It’s been 26 years since a member of the United States House of Representatives from Iowa retired and walked away from elected life. Democrat Congressman Berkley Bedell retired at the end of his sixth term for health reasons. Congressman Tom Latham announced on Tuesday that he will retire at the conclusion of his tenth term in office.
Other candidates have retired from the U.S. House, but it was done in order for them to seek higher office. Latham’s retirement is an oddity in Iowa. It is as significant as when Sen. Tom Harkin announced his retirement from the U.S. Senate. The 2014 election in Iowa now has two open congressional seats, as well as an open U.S. Senate seat. The results of the general election could go a long way in determining if Iowa is a red state, a blue state, or continues to be a swing state.
Still relatively young and in good health, the news of Latham’s retirement shocked Republicans across the state Tuesday afternoon. In the spring following Harkin’s retirement, Republicans believed that Latham was best positioned to seek the U.S. Senate seat. Despite the urging of activists and GOP power brokers, Latham announced that he would not run for the seat. Republicans were obviously disappointed with his decision, but that pales in comparison to the disappointment many Iowa Republicans are feeling after the news of his retirement.
Latham’s victory over Congressman Leonard Boswell in 2012 provided a big boost to the Republican psyche in central Iowa. Republicans had not represented Des Moines in Congress since Dr. Greg Ganske retired in order to run against Harkin in the 2004 U.S. Senate race. Latham’s victory was significant, not just because it took a seat away from the Democrats, but because having him on the ballot would also help Republicans on the ballot.
While the news of Latham’s retirement gives Republicans pause, they should not be discouraged about retaining the seat. A top Latham advisor of provided the Iowa Republican will polling results from a recent poll conducted by the Latham campaign. The advisor noted that the campaign routinely polls about a year out from the general elections. The poll shows that Latham is leaving a seat that Republicans should easily hold on to as long as they nominate a solid candidate.
The poll, conducted by The Tarrance Group from November 20th through 21st, shows that in the year that the district has been represented by Latham, Republicans have gained a lot of ground.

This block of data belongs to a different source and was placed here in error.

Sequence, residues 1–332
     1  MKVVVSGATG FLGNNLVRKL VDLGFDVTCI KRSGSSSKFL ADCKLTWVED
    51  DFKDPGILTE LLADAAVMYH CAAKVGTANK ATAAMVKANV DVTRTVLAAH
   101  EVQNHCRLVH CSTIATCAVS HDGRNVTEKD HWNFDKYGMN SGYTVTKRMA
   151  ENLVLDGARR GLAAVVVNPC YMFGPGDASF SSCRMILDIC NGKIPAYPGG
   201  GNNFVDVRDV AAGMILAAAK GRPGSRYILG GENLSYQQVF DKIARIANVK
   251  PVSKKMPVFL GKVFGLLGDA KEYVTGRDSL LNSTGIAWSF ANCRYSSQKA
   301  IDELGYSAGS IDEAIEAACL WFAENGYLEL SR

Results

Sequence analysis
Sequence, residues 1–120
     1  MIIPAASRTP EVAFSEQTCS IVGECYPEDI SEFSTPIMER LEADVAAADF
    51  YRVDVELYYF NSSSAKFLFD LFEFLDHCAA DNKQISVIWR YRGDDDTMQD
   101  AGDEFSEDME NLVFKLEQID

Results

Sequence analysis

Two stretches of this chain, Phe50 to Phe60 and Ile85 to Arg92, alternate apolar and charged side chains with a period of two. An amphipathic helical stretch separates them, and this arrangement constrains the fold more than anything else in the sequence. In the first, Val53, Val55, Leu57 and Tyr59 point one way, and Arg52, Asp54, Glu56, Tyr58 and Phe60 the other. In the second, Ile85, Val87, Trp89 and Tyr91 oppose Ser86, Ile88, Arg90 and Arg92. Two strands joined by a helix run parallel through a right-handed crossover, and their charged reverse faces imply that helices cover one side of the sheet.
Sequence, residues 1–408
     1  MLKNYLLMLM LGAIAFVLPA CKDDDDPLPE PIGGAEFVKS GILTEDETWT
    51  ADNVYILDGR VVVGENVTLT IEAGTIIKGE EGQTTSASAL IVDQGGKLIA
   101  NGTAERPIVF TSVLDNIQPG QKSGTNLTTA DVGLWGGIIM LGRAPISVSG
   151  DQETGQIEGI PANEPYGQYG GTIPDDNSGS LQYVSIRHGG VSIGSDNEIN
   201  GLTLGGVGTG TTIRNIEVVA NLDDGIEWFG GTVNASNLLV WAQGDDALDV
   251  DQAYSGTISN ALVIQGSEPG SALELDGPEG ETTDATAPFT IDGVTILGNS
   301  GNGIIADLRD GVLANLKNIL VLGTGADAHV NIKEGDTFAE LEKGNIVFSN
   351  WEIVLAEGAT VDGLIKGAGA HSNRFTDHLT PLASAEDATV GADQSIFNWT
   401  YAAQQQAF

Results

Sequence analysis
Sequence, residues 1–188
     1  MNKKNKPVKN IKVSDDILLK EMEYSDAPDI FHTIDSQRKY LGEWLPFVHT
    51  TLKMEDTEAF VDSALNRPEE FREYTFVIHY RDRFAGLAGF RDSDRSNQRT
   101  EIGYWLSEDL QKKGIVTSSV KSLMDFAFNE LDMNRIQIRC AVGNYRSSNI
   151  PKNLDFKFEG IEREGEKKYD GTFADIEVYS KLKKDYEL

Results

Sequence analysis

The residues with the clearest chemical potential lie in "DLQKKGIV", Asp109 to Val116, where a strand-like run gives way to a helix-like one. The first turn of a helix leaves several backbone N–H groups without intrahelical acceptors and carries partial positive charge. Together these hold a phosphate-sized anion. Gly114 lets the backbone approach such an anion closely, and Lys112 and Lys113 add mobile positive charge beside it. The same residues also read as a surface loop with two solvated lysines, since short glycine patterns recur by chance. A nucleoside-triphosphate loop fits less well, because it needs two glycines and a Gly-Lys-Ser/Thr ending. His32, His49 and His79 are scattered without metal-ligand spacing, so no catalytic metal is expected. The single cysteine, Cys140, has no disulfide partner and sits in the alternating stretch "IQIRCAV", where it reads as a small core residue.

Here are the key findings from the poll:
A Republican candidate currently holds a seven point advantage on the generic ballot in this district, with 46% of respondents saying they would vote for a Republican candidate and only 39% saying they would chose a Democrat. Nearly half (47%) of Independents say they would choose a Republican candidate while 28% would select the Democrat on the generic ballot.
As Obamacare continues to be front page news, healthcare continues to rank as one of the most important issues for voters in this part of Iowa. Twenty-three percent (23%) listed healthcare as their most important issue which tied with pocketbook concerns.
A majority of voters (61%) disapprove of the job that President Obama is doing in office. A strong majority of Independents (69%) currently disapprove of Obama’s job performance. Only 36% approve of the President’s performance in office.
Similarly, 58% of respondents oppose Obamacare and 49% feel strongly about it. Only 38% of voters here favor the President’s healthcare law.
Finally, 53% of votes (45% strongly) would prefer “a Republican Member of Congress who will be a check and balance to Barack Obama and the Democrats in Congress.” Only 36% would prefer “a Democrat Member of Congress who will help Barack Obama and the Congressional Democrats pass their agenda.”
Those are fantastic numbers for Republicans. Numbers like that should also help encourage a top tier candidate to emerge to run for the seat. Perhaps the best positioned people to run for the seat are already campaigning for the U.S. Senate. With Mark Jacobs dominating the airwaves in the U.S. Senate race, candidates like State Senator Joni Enrst, Matt Whitaker, and David Young might be wise to turn their attention to a congressional race instead.
All three of those candidates would be better known in the congressional district than they currently are statewide. Not only have they already been campaigning in the district, the money they have raised could be easily switched from a Senate to a House campaign. Besides those three senate candidates, names like State Senator Jack Whitver, Council Bluffs businessman Jeff Ballanger, former Iowa Speaker of the House Brent Siegrist, West Des Moines Mayor Steve Gaer, and Secretary of State Matt Schultz will likely have some interest in running for Latham’s seat.
Another name to keep an eye on is Bob Vander Plaats, who has recently moved to Grimes. If Vander Plaats is interested in running for federal office, there will not be a better opportunity for him than the open congressional seat. All that said, with the primary just six months away, the candidates running for the U.S. Senate have an advantage because they have already made a decision to seek federal office.
Iowa’s Third Congressional District presents Iowa Republicans with a great opportunity to elect a new member of congress. While some conservatives were disappointed in some of Latham’s most recent votes, his demeanor and style of politics was the perfect approach in the district. Republicans would be wise to find a successor to Latham who shares the same ability to focus on the work of governing instead of getting caught up with the politics of the day.
blog comments powered by Disqus